MARINE CORPS AIR GROUND COMBAT CENTER TWENTYNINE PALMS, Calif. --
One of the Combat Center’s treasured historical sites is under restoration by the Natural Resources and Environmental Affairs Office.
The Native American tribes who inhabited the land the Combat Center occupies today, left evidence behind, such as artifacts and rock art, also known as petroglyphs.
This rock art can be found in multiple areas aboard the Combat Center, but the Foxtrot site, which contains the most petroglyphs, is listed on the National Register of Historical Places and is protected from destruction or development.
The site’s nearly 2,000 petroglyphs are estimated to date back as far as 10,000 to 12,000 years and can be found within 63 panels on 50 rocks.
The area’s Native Americans that assumed responsibility for the majority of the rock art are the Serrano, Chemehuevi, Cahuilla and Mohave tribes, all highly mobile groups of people.
The installation’s NREA recognized the value the mysterious rock art holds for the history of the region. The area is now restricted to prevent vandalism, and the NREA has begun projects to restore the historic site.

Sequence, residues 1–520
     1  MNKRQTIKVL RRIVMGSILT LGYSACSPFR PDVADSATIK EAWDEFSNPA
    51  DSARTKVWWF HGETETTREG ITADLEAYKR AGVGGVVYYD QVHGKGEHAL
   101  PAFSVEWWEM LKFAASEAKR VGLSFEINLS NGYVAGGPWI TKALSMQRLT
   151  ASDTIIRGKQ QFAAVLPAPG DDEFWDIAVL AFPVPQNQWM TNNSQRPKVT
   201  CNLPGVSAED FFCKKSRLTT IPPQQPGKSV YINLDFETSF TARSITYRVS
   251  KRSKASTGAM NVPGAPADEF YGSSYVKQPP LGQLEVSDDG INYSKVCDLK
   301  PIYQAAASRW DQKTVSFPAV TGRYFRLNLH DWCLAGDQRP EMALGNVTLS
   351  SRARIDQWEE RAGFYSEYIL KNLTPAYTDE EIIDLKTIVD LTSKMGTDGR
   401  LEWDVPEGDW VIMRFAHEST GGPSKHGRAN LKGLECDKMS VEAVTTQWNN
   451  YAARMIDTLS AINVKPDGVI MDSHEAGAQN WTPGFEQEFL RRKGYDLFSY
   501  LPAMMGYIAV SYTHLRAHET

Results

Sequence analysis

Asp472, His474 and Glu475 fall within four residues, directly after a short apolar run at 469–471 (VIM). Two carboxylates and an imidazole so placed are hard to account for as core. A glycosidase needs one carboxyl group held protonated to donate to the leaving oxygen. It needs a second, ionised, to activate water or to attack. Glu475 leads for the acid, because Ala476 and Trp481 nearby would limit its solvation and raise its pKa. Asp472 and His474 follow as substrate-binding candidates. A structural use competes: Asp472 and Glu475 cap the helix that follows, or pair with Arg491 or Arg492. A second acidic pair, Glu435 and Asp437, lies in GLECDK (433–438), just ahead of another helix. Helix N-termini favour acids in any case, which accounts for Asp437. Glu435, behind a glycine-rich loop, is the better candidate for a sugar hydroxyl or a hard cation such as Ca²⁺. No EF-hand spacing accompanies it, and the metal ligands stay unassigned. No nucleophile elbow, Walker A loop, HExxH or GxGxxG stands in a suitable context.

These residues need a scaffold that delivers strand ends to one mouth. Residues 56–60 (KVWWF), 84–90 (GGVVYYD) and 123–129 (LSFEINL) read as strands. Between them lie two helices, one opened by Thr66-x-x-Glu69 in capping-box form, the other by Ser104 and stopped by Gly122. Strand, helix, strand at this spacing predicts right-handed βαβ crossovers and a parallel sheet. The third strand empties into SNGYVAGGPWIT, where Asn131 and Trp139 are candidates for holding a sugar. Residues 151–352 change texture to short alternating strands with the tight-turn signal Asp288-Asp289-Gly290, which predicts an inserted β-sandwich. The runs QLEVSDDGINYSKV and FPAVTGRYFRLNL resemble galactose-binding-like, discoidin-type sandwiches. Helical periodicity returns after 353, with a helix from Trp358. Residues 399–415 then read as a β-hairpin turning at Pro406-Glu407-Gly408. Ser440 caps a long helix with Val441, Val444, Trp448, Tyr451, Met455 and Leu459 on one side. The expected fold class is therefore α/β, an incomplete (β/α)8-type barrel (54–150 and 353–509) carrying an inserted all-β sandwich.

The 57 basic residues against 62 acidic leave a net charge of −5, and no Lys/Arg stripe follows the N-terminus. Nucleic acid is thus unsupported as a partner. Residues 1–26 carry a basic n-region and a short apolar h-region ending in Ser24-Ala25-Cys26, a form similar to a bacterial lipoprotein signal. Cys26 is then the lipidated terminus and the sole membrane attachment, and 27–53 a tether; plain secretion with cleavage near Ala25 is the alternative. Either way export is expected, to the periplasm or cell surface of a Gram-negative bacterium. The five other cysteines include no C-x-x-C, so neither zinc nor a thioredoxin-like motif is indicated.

In the past, workers would paint over defacements in the rock to hide modern markings, said Dr. Marie Cottrell, the natural and cultural resourses officer at the NREA.
As time passed, the paint oxidized and faded in color. Fortunately, technology improved, and new paint was developed that lasts longer and protects the rock, said Claire Dean, a conservator with Dean and Associates Conservation Services. In order to apply the new coat of paint, the old paint needs to be removed, which could damage the rock if not done correctly, Dean said.
“We now use laser technology to remove the paint,” she said. “It is like a laser paint chisel, except its not physically scraping off the paint, it is ablating [vaporizing] the paint.”
The laser technology was originally used for industrial cleaning, but conservators adopted the idea for dealing with delicate and historical surfaces such as the Foxtrot site.
“It works with the same principle as removing a tattoo, except it is a more delicate and complicated process,” Dean said.
With a mission to protect the area’s natural environment, the NREA is constantly studying ways to conserve the rocks not only from passing visitors, but also from the harsh desert weather.
According to archeologists, the biggest threat to the petroglyphs is vandalism. The NREA encourages passers-bye to enjoy the history and culture of the Combat Center’s 1,895 historical sites and 11 petroglyphs sites, but not to touch them.
Anyone interested in learning about the archeological finds aboard the installation can call the Archeology and Paleontology Curration Center at 830-1196.